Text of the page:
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Château d’Armailhac’s commitment to the Cité du Vin, agreed previously by the Baroness Philippine de Rothschild (1933-2014), who was enamoured of art and culture, expresses a conviction intimately shared by the current owners: that the art of wine also deserves a centre of its own in our cultural heritage and that Bordeaux is undoubtedly its world capital.
Château d’Armailhac in Pauillac, a Grand Cru Classé of 1855 was bought in 1933 by Baron Philippe de Rothschild (1902-1988). With the southern part of its terroir running alongside Château Mouton Rothschild, it used to be called Mouton d’Armailhacq, the name of the family which owned it for two centuries. Between 1956 and 1989 it was successively named Château Mouton Baron Philippe then Mouton Baronne Philippe, until Baroness Philippine reunited it with its original identity.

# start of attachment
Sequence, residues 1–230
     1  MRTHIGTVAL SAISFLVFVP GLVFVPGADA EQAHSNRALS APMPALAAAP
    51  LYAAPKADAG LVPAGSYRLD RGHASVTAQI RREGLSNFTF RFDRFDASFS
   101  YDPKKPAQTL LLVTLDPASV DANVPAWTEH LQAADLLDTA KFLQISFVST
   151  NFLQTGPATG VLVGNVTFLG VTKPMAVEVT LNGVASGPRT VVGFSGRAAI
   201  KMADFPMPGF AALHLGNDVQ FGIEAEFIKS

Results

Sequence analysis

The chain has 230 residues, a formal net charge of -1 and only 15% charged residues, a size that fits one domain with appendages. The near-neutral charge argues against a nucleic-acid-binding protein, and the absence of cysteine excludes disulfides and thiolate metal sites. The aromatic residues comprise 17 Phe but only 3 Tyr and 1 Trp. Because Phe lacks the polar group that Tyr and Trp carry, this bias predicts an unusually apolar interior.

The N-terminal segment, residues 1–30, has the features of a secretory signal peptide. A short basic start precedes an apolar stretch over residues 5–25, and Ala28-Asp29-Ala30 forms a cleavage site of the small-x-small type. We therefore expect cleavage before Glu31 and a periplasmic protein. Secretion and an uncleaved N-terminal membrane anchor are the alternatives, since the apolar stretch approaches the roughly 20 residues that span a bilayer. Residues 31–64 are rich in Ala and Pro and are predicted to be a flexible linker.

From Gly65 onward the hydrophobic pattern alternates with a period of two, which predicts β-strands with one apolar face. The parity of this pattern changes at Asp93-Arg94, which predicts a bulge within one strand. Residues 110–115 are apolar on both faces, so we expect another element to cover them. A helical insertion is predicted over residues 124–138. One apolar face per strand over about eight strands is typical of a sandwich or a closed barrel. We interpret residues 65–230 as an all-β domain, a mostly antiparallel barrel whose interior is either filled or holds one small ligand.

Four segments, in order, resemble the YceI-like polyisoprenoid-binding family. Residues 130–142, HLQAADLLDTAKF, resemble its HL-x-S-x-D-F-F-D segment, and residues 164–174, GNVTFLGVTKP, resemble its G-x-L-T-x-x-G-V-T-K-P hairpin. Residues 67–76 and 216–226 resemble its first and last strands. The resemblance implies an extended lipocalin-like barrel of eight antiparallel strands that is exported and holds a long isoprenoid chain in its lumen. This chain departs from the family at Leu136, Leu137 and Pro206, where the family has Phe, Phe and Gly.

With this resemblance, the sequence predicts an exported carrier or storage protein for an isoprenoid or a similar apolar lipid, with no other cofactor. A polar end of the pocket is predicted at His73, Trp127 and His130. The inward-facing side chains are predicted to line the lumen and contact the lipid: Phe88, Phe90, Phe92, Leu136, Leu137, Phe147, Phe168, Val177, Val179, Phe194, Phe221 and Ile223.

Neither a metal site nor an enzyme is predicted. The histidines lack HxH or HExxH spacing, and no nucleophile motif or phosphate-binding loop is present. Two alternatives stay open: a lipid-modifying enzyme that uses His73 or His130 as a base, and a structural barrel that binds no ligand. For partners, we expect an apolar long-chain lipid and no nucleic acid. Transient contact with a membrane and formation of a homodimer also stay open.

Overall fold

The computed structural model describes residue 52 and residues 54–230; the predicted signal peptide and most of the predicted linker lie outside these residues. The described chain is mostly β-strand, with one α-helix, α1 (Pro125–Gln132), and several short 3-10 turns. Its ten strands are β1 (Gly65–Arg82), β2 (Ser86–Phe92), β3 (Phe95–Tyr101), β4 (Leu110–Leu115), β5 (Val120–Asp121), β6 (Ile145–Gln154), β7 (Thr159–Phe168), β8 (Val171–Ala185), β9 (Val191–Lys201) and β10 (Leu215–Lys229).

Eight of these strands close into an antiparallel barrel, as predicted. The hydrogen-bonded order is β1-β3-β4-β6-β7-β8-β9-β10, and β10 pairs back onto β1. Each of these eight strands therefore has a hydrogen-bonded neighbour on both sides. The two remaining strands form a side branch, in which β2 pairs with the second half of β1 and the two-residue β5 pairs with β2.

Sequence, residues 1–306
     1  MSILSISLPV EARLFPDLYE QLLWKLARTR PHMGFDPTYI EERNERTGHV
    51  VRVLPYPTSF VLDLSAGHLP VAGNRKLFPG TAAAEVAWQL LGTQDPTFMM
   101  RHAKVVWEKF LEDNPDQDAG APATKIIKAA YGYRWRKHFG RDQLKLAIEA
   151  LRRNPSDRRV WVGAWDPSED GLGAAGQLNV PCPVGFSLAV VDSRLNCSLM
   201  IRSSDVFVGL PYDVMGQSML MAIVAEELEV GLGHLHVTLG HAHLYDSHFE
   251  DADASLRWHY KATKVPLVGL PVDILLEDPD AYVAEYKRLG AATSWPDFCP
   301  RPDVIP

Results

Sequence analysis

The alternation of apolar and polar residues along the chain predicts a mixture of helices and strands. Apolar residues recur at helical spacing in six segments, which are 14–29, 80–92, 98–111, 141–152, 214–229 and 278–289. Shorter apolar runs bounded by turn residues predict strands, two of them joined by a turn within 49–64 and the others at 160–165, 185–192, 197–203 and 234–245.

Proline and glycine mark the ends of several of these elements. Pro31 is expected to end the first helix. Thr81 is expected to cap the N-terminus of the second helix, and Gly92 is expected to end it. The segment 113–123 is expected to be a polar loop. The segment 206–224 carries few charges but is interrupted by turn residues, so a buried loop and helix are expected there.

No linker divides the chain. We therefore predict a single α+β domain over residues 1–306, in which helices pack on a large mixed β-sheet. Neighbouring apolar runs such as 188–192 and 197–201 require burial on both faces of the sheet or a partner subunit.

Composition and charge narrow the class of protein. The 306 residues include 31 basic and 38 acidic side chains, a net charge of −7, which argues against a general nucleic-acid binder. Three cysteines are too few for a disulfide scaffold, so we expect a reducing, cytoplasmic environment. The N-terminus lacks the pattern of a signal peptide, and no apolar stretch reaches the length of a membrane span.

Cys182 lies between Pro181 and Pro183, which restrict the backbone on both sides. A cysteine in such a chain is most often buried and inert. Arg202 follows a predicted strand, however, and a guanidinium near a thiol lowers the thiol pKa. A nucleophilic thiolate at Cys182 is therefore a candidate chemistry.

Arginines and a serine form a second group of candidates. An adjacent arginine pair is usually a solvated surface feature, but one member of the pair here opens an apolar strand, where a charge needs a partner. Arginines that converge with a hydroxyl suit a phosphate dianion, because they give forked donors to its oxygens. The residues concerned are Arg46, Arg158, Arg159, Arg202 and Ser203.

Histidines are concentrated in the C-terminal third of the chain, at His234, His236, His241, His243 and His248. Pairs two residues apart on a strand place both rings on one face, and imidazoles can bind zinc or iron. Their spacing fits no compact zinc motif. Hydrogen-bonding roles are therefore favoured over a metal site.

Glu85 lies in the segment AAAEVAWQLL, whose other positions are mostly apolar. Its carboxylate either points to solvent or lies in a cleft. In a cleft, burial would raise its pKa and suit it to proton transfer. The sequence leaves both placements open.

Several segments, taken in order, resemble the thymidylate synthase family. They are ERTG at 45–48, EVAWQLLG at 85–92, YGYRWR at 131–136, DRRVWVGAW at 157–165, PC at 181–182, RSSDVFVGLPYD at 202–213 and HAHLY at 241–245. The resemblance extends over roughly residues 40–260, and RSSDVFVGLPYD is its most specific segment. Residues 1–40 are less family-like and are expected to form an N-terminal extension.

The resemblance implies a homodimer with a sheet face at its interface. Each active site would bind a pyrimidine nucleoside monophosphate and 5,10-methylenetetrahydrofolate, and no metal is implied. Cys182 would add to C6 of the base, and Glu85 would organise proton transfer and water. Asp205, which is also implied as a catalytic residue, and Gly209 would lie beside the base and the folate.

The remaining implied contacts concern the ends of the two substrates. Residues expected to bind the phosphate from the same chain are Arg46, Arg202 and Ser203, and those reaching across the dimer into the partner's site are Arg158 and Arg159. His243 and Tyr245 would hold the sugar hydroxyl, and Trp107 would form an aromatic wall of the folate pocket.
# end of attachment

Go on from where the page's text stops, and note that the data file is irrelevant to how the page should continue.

The vineyard at Château d’Armailhac is planted with typical grape varieties for the region: Cabernet Sauvignon, Merlot, Cabernet Franc, Petit Verdot. Matured in oak barrels, it combines finesse and elegance with the power of a great Pauillac. Its label, decorated with a figurine representing Autumn, celebrates the ripening of the grapes and their transformation into wine. This precious miniature in spun glass dates from the second half of the 17th century and can be found in Mouton’s Museum of Wine in Art.
Today, Camille Sereys de Rothschild, Philippe Sereys de Rothschild, and Julien de Beaumarchais de Rothschild, Baroness Philippine’s three children, incarnate family continuity.